Chipworks analyzes FF sensors

Started Oct 25, 2012 | Discussions thread
schmegg
schmegg MOD
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Re: I see that you are anonymous
In reply to bobn2, Oct 26, 2012

bobn2 wrote:

schmegg wrote:

bobn2 wrote:

Thus Canon users options are limited by Canon's poor decision to use in-house fab rather than use foundry services. Whereas Nikon, with their use of foundry services, has migrated from 350nm to 250nm, Canon simply cannot, since it has to utilise the capital tied up in these fab lines.

Nope - disagree here though. Canon chooses to manufacture and use their own sensors rather than use "foundry services". I personally don't see this as a negative for the long term evolution of photographic sensors, but rather, as a positive.

Well, you are wrong. Canon is fab locked, they cannot produce a competitive sensor at FF level. They can produce competitive cameras, lacking in sensor capability and making up for it in other areas.

Well - I'm wrong in the sense that I don't agree with your assessment.

That's the same thing.

Hehe.

Canon are no more "fab locked" (as you put it) than Nikon or anyone else. There is absolutely nothing stopping them from using a foundry service should they so choose.

Yes there is. Accountancy. They have sunk the capital into those fab lines, they have to use them, otherwise the bottom line goes into the red.

Business will quickly write off an investment if it has a significantly deleterious effect on the bottom line. Sales are part of the bottom line, and their actions seem to indicate that the balance between these factors, at least as far as they care about, does not dictate the move to reliance on a foundry service.

Perhaps this will change in the future - when it becomes necessary. But, to this point in time, it has not become necessary.

Now, if Canon cameras were incapable of producing competitive images, I'd say they would have a big problem ahead. But this is not the case. Not currently anyway.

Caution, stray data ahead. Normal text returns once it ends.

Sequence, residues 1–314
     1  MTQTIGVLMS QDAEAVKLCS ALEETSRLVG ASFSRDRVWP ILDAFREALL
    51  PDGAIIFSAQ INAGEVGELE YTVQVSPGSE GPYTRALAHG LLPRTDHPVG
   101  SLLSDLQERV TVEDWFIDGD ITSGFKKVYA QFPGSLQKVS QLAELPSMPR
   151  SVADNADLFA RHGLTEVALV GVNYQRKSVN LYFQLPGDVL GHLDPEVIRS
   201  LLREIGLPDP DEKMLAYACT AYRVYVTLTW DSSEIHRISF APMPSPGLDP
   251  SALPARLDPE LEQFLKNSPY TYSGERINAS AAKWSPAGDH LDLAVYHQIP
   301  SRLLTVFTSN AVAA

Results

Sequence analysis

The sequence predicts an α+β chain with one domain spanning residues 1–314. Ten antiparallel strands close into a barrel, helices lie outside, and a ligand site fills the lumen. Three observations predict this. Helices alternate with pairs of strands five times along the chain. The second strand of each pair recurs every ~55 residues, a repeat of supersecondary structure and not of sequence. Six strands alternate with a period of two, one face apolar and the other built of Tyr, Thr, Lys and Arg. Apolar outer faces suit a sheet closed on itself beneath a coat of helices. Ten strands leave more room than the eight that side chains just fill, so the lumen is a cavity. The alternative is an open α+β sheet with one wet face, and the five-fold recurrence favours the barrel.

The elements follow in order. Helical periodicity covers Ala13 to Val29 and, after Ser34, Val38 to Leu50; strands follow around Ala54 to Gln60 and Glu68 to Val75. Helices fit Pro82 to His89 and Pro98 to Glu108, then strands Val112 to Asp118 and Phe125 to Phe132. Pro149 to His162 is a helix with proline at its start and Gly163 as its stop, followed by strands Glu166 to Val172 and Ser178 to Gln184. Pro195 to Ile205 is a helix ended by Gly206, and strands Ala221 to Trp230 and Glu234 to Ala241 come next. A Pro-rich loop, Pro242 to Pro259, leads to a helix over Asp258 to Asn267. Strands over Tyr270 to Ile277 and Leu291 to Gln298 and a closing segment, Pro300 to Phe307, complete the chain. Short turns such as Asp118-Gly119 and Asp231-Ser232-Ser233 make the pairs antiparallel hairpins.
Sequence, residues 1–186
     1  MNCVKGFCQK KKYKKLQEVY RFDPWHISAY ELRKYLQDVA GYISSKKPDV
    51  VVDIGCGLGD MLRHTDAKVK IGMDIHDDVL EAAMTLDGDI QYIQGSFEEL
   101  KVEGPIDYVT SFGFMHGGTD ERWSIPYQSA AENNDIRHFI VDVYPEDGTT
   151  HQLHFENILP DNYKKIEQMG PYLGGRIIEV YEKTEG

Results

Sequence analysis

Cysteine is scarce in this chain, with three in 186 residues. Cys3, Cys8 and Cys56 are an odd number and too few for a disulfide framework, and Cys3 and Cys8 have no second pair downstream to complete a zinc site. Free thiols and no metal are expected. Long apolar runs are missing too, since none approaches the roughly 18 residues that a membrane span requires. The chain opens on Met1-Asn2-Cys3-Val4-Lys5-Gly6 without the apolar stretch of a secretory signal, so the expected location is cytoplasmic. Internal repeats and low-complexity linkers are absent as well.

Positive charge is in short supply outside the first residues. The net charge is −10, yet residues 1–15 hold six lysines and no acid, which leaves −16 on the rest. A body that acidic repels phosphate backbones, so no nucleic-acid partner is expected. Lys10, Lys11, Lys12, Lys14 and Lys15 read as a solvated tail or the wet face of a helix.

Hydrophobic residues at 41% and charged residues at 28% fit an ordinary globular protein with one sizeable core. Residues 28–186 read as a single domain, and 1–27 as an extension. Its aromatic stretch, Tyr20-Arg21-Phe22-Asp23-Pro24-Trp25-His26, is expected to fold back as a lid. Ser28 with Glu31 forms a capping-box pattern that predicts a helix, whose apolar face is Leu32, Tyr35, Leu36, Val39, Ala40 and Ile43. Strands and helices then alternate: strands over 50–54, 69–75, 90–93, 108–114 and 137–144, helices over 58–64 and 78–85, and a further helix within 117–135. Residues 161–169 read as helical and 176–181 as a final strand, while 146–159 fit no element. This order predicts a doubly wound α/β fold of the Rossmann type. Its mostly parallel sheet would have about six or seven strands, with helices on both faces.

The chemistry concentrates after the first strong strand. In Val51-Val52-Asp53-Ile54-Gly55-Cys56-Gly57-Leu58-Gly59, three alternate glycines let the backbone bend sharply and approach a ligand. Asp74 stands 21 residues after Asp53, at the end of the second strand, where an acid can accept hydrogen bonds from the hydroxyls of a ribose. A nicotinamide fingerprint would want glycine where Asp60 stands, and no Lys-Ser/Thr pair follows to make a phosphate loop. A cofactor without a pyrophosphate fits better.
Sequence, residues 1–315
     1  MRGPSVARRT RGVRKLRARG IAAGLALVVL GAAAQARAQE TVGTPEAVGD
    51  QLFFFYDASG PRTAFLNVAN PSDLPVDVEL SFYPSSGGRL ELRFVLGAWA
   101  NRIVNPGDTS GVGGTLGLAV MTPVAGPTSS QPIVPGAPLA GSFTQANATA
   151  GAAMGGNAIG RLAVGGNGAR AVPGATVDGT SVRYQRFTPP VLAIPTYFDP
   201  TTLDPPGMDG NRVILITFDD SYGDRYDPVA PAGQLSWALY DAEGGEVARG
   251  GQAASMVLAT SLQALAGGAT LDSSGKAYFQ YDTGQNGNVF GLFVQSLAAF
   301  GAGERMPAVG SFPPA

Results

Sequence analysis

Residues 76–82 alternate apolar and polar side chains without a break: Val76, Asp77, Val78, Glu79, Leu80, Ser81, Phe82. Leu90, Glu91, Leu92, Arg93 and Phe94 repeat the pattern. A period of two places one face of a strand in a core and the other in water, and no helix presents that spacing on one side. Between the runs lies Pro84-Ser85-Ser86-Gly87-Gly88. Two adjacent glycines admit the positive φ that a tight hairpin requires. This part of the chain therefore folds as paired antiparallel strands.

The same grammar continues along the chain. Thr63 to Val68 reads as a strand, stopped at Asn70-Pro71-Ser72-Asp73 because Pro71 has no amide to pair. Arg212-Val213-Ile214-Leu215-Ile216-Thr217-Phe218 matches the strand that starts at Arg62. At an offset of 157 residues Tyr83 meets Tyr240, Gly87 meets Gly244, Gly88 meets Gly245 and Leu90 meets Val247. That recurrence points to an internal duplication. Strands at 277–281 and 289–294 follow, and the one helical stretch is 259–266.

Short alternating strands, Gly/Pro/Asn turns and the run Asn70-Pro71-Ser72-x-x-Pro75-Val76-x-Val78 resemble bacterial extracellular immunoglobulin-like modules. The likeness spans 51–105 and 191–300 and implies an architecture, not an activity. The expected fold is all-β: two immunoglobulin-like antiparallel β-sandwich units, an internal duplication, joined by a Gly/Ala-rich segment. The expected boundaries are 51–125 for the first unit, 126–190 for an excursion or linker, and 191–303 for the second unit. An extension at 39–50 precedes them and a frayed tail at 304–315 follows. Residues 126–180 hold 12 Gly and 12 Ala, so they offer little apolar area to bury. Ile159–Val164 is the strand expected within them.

It is the case. No Canon can produce an image competitive with those that the D800, or even the D600 or D3X can produce. Sometimes, probably often, there is no need for a competitive image, but that does not mean that those cameras cannot produce better images than Canons are capable of, they can - no question.

Really? I've not seen any final images that are clearly and unquestionably better than what Canon cameras produce.

You wouldn't looking on the web. You get 2MP max on the web, but then if you are just judging web images, any good P&S is more or less as good as a 5DIII.

Throwaway line Bob.

There are situation where the extra DR might be an asset - just as there are situations where the built-in flash might be an asset, or a higher burst rate etc.

Resolution is the thing. 36MP produces better images than 22MP. Simples.

If you need to print large or crop heavily, it is a practical consideration. If you don't, then 36MP of resolution is no better than 22MP of it.

The claim is akin to claiming that a car that has a top speed of 200mph is better than one that has a top speed of 180mph. If you don't ever get above 150mph, then the difference is moot - and perhaps the seats are more important!

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